siRNA directed against β-catenin reduced the levels of β-catenin in both SW480 and HCT116 cells but did not affect the levels of actin (Fig. 1,A). Interestingly, siRNA directed against β-catenin altered the mobility but not the level of APC, whereas siRNA directed against APC reduced the levels of this protein but had only minimal effects on the levels of β-catenin (Fig. 1,A). SiRNA directed against Tax or mock transfection did not alter either β-catenin or APC levels (Fig. 1 A). Similar results with β-catenin siRNAs were also seen in other cell lines including HeLa and 293 (data not shown). These results indicate that siRNA can markedly reduce β-catenin levels in colon cancer cell lines that have elevated levels of this protein as a consequence of mutations in either β-catenin or APC.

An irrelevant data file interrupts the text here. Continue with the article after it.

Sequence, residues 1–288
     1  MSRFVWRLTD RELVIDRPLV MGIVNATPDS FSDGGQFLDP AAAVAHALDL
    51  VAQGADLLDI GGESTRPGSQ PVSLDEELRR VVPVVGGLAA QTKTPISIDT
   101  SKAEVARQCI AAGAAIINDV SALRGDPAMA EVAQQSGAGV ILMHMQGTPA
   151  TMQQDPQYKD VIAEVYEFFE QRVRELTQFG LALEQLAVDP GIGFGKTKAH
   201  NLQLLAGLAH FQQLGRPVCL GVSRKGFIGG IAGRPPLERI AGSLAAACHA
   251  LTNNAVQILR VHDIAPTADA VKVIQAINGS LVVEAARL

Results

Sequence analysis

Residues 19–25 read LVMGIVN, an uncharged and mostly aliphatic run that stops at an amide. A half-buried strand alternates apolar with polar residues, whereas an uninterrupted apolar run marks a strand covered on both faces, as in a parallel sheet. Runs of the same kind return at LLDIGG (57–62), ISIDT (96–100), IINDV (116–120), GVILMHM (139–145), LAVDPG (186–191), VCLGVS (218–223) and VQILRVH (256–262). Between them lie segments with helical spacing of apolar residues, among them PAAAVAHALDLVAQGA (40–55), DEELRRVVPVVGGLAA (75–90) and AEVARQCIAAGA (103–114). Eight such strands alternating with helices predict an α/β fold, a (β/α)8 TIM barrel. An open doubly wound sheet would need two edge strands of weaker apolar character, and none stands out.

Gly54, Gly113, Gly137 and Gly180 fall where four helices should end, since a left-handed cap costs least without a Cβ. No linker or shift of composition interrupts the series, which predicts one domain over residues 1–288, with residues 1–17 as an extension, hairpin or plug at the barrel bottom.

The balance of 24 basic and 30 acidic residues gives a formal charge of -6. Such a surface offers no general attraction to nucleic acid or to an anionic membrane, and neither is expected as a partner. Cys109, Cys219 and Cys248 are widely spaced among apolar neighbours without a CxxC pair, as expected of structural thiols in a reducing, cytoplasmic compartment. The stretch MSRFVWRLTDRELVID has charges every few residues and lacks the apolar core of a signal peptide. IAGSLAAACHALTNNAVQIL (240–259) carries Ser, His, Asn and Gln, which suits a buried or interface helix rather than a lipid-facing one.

It was important to address whether siRNA directed against β-catenin altered either its level or cellular distribution when assayed by immunofluorescence. siRNA directed against either APC, β-catenin, Tax, or mock transfection of HCT116 cells was performed, and these cells were then stained with antibody directed against either β-catenin or lamin B (Fig. 1,B). In contrast to the membrane and nuclear staining of β-catenin that has been previously noted (20), siRNA directed against β-catenin reduced its levels such that it was not detected with an antibody directed against β-catenin (Fig. 1,B). There was readily detectable nuclear staining of lamin B in these same cells. siRNA directed against APC resulted in slightly increased nuclear staining of β-catenin, whereas siRNA directed against Tax resulted in similar immunostaining of β-catenin as seen with control cells (Fig. 1 B). Because APC has been demonstrated to enhance the nuclear export of β-catenin, siRNA-mediated decreases in APC can potentially result in increased nuclear levels of β-catenin and β-catenin-dependent gene expression (24). Thus, siRNA directed against β-catenin reduced its levels using both Western blot and immunofluorescence assays.